Aortic valve replacement using stented or sutureless/rapid deployment prosthesis via either full-sternotomy or a minimally invasive approach: a network meta-analysis
Background: New technologies such as sutureless or rapid deployment prosthetic valves and access via minimally invasive incisions offer alternatives to traditional full-sternotomy aortic valve replacement (SAVR). However, a comprehensive comparison of these surgical techniques along with alternative valve prosthesis has not been completed.
Methods: Electronic databases were searched for studies comparing outcomes for SAVR, minimally invasive AVR (MiAVR), sutureless/rapid-deployment AVR (SuAVR) via full-sternotomy, or minimally invasive SuAVR (MiSuAVR) from their inception until September 2018. Early postoperative outcomes and follow-up data were included in a Bayesian network meta-analysis.
Results: Twenty-three studies with 8,718 patients were identified. Compared with standard SAVR, SuAVR had significantly lower incidence of postoperative AF [odds ratio (OR) 0.33, 95% confidence interval (CI): 0.14–0.79, P=0.013] and MiSuAVR greater requirement for postoperative permanent pacemaker (OR 2.27, 95% CI: 1.25–4.14, P=0.008). All sutureless/rapid-deployment procedures had reduced cardiopulmonary bypass and cross-clamp times, by a mean of 25.9 and 25.0 mins, respectively. Hospital length of stay (LOS), but not intensive care LOS, was reduced for all groups (MiAVR −1.53 days, MiSuAVR −2.79 days, and SuAVR 3.37 days). A signal towards reduced early mortality, wound infections, and acute kidney injury was noted in both sutureless/rapid-deployment and minimally invasive techniques but did not achieve significance. Sutureless/rapid-deployment procedures had favourable survival and freedom from valve related reoperation, however follow-up times were short and demonstrated significant heterogeneity between intervention groups.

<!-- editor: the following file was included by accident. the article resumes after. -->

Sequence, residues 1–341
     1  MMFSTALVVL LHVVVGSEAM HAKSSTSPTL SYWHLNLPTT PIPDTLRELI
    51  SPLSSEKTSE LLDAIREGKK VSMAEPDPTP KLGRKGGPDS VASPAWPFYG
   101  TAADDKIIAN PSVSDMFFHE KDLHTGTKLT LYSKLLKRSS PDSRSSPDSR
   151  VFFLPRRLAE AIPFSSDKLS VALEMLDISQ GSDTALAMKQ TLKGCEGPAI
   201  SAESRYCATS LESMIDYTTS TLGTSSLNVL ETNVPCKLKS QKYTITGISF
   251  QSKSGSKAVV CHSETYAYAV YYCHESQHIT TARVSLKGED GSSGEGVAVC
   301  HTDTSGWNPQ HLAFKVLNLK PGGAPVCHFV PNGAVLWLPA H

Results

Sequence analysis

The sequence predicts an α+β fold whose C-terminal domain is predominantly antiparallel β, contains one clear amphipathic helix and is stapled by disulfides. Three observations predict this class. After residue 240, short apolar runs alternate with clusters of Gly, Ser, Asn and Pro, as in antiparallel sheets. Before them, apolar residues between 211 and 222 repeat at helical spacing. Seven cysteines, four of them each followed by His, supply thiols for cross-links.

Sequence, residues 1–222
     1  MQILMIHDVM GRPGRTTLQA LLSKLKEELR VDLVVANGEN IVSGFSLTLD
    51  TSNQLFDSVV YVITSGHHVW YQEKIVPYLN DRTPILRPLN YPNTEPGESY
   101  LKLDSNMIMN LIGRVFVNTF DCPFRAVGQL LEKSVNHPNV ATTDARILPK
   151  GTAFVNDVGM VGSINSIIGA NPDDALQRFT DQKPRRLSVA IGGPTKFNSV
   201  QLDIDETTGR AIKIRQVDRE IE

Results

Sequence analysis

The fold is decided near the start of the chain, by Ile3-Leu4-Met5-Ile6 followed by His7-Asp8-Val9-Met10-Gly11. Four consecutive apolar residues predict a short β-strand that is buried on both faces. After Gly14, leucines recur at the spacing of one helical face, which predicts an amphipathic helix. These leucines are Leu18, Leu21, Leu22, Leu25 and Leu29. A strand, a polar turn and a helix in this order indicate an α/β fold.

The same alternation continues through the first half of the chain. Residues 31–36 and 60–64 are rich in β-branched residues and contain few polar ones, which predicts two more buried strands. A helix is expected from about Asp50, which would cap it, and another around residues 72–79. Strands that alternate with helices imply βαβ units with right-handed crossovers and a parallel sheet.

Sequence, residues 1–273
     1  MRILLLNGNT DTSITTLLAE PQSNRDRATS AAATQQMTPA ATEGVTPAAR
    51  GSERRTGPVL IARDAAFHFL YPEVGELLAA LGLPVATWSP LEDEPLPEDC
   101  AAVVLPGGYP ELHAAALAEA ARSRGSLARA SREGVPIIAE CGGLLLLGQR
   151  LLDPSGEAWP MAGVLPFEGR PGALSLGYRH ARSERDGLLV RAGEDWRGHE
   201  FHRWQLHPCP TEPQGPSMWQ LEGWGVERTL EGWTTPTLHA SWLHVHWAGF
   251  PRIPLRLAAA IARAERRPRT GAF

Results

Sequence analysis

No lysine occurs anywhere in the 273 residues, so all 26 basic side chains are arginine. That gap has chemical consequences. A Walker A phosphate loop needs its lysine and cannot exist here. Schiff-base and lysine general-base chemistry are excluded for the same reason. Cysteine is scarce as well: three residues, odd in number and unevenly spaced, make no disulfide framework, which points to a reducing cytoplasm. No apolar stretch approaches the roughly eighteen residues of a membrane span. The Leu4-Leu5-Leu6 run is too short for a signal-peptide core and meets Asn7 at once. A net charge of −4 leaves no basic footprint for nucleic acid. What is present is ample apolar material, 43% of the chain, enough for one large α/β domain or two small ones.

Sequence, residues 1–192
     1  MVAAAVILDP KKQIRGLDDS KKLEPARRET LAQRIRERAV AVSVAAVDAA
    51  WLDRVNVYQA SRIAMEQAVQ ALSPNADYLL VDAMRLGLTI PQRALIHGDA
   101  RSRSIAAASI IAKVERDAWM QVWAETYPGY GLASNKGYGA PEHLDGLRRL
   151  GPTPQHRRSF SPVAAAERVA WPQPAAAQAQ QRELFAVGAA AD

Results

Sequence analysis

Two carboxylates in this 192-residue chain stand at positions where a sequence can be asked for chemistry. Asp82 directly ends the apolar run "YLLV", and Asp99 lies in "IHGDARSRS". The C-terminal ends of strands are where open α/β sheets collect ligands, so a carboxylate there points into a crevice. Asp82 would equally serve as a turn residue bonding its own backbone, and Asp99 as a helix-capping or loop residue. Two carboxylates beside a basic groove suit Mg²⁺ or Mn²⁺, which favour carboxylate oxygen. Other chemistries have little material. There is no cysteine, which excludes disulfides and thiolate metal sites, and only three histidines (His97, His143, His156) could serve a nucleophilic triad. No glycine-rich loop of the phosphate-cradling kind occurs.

Conclusions: Minimally invasive and sutureless techniques demonstrate equivalent early postoperative outcomes to SAVR and may reduce ventilation time, hospital LOS and postoperative atrial fibrillation (POAF) burden.